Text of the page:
Commitment-Driven Sprint Planning

There are two primary ways for planning a sprint: velocity-driven sprint planning and commitment-driven sprint planning. In last week’s post, I described velocity-driven planning; so in this week’s, we turn our attention to commitment-driven sprint planning.Stacked Hands of Eight People Standing in a Circle

A commitment-driven sprint planning meeting involves the product owner, ScrumMaster and all development team members. The product owner brings the top-priority product backlog items into the meeting and describes them to the team, usually starting with an overview of the set of high-priority items.

Select an Item

Following that, team members select a first item to bring into the sprint. This will almost always be the product owner’s top-priority item, but it is possible that the product owner’s top priority has too many open issues.

Ideally, a team should be able to still bring that item into the sprint and resolve the issues early enough in the sprint to complete the item. But, it’s possible that there are so many issues, that the issues are so significant, or that resolving the issues would take so much time (for example, the need to convene a meeting with 25 user representatives) that the product owner’s top priority is skipped.

Tasks and Hours

Having selected a high-priority item, team members discuss the work involved, and identify the tasks that will be necessary to deliver the product backlog item. Either concurrent with identifying the tasks or immediately after they finish doing so, team members roughly estimate the number of hours each task will take.

Do not ask or expect a team to think of every task that will be done during the sprint. Not only is that impossible, it is also unnecessary.

Teams should think of enough of the tasks that they feel they have thought through the work—but it is important to realize that thinking through the work is the real goal of this meeting. Identifying tasks and hours is secondary.

Asking for Commitment

After they’ve identified tasks and roughly estimated the hours for that one product backlog item, the team members ask themselves, “Can we commit to this?”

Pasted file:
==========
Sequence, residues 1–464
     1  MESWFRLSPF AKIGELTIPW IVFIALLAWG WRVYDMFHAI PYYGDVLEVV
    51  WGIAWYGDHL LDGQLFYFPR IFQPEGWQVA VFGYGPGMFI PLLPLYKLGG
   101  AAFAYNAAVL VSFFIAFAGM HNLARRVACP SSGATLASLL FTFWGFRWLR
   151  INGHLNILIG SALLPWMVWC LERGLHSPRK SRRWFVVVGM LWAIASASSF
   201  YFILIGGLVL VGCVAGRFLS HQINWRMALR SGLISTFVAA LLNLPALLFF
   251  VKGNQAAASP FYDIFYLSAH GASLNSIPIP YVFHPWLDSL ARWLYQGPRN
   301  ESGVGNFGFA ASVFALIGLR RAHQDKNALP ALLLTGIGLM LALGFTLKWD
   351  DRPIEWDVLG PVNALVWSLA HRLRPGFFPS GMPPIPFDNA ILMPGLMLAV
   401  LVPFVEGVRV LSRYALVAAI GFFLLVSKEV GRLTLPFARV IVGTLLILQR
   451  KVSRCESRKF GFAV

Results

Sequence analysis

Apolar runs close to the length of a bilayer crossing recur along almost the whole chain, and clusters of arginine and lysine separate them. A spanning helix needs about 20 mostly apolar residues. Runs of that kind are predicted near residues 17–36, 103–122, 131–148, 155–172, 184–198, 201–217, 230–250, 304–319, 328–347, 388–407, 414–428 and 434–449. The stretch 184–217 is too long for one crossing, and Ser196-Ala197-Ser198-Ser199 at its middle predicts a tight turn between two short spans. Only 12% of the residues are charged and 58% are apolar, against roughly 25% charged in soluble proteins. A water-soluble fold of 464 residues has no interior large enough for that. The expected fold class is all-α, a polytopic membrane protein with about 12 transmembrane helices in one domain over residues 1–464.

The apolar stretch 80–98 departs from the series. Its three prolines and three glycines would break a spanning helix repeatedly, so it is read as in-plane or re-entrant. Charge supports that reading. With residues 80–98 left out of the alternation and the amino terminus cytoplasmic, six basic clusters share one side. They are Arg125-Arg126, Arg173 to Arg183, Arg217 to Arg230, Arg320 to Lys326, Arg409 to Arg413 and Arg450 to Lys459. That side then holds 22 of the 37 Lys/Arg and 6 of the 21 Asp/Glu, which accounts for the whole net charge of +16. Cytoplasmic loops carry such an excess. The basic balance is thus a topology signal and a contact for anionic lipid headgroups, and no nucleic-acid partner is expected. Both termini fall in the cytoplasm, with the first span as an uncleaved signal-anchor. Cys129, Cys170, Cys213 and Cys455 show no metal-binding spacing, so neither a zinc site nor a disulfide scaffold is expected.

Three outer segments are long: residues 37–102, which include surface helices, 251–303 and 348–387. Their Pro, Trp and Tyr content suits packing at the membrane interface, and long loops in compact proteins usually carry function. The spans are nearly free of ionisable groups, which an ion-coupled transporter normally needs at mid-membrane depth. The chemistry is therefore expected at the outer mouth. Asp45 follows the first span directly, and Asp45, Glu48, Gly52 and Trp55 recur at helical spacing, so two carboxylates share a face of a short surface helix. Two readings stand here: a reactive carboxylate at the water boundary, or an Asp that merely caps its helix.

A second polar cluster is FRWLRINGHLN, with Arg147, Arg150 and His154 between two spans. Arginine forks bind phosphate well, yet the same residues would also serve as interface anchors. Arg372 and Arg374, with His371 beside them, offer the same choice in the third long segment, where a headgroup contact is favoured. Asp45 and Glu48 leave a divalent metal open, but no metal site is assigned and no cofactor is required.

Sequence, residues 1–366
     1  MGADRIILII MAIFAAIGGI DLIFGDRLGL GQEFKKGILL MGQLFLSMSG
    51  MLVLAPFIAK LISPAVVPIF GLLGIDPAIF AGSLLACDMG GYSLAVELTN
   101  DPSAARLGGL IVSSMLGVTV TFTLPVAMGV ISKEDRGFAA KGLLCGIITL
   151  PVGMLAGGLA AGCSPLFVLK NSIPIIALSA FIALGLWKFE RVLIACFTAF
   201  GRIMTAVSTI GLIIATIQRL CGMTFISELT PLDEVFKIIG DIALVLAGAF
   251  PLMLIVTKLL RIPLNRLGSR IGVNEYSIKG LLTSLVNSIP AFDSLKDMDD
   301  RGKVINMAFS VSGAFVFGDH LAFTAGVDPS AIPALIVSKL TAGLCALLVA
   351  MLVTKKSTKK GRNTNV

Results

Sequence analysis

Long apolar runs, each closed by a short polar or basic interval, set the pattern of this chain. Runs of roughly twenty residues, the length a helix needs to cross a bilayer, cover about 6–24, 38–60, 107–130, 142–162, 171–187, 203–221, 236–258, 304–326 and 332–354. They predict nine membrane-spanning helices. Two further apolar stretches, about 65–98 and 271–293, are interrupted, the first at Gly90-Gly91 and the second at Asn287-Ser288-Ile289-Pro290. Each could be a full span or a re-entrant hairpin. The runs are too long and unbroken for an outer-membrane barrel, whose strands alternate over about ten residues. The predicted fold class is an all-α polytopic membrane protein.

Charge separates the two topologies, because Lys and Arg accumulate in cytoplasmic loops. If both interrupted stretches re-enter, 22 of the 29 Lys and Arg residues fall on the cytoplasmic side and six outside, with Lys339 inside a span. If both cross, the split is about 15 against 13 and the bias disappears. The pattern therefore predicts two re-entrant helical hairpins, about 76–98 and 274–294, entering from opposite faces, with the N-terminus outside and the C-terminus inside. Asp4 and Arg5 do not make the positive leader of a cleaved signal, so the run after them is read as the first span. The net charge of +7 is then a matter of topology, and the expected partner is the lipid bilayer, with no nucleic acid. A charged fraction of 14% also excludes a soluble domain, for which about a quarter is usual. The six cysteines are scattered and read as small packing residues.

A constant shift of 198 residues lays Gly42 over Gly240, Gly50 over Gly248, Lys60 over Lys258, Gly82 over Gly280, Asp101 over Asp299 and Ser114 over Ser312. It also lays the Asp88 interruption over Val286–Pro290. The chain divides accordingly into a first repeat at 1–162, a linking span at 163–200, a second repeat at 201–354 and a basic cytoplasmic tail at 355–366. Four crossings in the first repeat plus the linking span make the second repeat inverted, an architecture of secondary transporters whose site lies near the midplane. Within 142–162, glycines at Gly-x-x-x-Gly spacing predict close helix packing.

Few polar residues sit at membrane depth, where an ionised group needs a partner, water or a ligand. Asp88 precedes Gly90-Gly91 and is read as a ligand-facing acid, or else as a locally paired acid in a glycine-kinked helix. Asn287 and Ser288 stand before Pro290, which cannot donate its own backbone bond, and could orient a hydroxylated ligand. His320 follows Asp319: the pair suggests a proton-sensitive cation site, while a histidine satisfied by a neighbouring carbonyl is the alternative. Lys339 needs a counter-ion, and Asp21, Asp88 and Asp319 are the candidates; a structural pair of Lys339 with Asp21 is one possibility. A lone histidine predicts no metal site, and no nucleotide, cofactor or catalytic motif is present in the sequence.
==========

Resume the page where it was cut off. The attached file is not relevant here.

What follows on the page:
I find it very important that the team members ask this collectively of themselves rather than having a ScrumMaster ask, “Can you commit to this?” When team members ask, “Can we commit?” they are committing to each other rather than to the ScrumMaster.

I don’t know about you, but my early, pre-Scrum career is littered with broken “commitments” to bosses who asked if I could deliver something while making it clear my answer better be yes.

The ScrumMaster isn’t a boss and shouldn’t create that type of feeling among team members, but the person is called “master” – and it’s better not to risk being perceived as a boss insisting on a commitment.

Coach a team to ask, “Can we commit?” and it’s clear that they are committing to one another, which will likely be a stronger commitment.

Further, by having the team ask themselves, “Can we commit?” it is clear that the answer should be, “Yes we can” or “No we can’t.” When a ScrumMaster asks, “Can you commit?” some team members will properly answer with “we” but others will answer with “I.”

Scrum demands a full-team commitment: If you’re behind, I’ll help, and I know you’ll do the same for me. It’s not “these are my tasks” and “those are yours.”

Repeat with More Stories

If the team agrees they can commit to a product backlog item, they select another item and repeat the process. And so it goes—tasks, hours and commitment—until someone says they cannot commit to the selected product backlog item.